Document Type : Research Article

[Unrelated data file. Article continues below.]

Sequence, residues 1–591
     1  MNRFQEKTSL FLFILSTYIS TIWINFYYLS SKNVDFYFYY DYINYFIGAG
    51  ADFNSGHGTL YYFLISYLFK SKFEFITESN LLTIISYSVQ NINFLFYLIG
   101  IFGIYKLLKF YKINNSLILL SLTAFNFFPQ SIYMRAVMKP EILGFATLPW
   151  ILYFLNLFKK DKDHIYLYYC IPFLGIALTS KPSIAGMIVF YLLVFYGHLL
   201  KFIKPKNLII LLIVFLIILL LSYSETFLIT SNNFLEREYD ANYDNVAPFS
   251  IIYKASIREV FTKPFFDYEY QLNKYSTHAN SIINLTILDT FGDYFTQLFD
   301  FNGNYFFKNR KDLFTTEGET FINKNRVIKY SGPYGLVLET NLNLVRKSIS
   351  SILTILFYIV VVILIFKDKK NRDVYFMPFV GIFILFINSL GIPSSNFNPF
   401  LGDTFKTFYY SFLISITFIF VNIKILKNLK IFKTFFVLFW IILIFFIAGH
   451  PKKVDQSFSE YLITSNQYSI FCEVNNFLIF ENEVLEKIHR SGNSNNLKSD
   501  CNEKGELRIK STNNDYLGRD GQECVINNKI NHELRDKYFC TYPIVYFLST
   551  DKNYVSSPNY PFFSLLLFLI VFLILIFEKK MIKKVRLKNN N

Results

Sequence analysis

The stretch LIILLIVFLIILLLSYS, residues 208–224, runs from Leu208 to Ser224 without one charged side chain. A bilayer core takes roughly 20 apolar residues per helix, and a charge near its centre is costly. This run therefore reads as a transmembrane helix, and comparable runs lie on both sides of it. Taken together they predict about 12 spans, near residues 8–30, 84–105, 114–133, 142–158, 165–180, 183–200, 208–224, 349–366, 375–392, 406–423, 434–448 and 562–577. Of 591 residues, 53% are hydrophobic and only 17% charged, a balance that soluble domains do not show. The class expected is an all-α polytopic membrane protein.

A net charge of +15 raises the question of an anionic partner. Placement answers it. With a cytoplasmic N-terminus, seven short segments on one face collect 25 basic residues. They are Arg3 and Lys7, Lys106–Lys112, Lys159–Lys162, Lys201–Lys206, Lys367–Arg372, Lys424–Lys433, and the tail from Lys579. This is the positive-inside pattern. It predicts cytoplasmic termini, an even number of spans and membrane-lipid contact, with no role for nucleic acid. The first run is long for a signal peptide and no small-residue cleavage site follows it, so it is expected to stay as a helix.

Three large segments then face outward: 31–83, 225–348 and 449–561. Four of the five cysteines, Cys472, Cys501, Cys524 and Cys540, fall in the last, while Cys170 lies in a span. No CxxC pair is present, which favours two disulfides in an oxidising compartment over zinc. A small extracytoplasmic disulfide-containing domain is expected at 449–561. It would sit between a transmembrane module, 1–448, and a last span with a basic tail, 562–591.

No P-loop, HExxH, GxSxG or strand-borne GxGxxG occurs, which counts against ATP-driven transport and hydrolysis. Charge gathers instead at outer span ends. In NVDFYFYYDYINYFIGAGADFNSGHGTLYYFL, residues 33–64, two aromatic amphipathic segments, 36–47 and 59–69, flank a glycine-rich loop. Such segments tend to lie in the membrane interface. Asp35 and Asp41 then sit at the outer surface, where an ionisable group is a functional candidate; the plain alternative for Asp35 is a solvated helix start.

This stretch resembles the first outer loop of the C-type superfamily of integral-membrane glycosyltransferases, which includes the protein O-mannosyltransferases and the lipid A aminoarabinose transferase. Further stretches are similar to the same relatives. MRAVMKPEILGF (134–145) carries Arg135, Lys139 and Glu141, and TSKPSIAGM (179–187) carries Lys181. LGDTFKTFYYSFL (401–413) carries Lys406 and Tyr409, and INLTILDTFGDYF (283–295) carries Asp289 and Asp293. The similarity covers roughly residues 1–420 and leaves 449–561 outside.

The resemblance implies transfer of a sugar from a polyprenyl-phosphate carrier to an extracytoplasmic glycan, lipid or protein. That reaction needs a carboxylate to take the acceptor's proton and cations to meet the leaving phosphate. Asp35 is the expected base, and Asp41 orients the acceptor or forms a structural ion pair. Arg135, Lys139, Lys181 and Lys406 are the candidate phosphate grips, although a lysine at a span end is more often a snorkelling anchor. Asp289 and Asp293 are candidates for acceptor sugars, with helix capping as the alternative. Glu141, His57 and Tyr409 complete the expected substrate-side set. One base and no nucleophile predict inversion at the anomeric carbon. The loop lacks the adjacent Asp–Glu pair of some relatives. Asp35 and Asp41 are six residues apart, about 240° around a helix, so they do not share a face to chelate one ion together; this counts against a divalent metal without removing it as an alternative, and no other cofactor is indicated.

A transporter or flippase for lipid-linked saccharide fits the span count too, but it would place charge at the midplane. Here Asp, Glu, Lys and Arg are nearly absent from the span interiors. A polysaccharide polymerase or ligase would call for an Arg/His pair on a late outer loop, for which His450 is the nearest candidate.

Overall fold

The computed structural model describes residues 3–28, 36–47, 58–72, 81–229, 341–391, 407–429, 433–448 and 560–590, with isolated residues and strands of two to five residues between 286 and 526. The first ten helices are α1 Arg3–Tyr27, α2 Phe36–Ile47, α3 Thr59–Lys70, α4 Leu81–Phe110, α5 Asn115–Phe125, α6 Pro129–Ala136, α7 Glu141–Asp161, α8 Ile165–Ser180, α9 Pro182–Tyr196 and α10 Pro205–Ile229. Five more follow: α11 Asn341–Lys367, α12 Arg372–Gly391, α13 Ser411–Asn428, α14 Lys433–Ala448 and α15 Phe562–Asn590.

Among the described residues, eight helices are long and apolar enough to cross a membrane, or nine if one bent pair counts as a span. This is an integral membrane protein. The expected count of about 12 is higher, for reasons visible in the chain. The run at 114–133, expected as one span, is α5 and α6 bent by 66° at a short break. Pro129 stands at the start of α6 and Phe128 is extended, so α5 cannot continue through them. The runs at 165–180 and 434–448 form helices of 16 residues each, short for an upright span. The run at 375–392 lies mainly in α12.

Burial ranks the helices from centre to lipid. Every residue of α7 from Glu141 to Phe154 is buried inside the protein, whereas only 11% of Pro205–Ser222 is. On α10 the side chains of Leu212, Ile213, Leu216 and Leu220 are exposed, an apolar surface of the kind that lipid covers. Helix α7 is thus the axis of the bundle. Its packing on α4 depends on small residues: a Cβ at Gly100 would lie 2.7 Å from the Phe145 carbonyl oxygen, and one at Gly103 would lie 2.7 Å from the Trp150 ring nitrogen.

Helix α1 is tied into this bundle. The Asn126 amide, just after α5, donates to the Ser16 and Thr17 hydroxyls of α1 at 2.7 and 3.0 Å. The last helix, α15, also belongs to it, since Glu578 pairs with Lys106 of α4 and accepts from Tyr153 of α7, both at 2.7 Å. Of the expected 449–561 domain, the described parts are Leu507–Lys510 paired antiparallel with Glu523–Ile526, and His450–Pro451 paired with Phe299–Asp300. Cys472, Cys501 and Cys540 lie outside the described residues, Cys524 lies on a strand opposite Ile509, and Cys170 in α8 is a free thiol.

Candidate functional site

Tuberculosis is a highly contagious disease caused due to Mycobacterium tuberculosis infection. Though the methods of treatment of the disease have been standardized since long, many people, especially in the developing countries, still succumb to it. According to recent statistical figures published by the World Health Organization (WHO), 10.4 million new cases of TB were reported worldwide in the year 2015 alone. Here we presented a case of 30-year-old female patient was brought to casualty with history of 5 episodes of generalized tonic-clonic seizures since morning. There was no postictal confusion. These complaints were associated with headache and nausea. There was no history of fever, blurring of vision, diplopia or altered sensorium. There was no history of trauma or similar episodes in the past. Patient is a known case of pulmonary tuberculosis, and has received anti tubercular therapy for 6 months, 7 years ago. Low concentrations of anti-TB drugs should be dealt with extreme caution as it may influence the pathogen’s drug susceptibility and the short-course treatment strategy for fighting TB. A better and easier way to overcome low serum concentrations of anti-TB drugs is to prescribe high doses for TB treatment, subject to prior verification of absence of adverse effects and cross drug resistance. Taking also into account the increase in adverse effects and the host/bacterial factors, It is becoming a critical point to identify if those patients in whom high-dose treatments are truly cost-effective.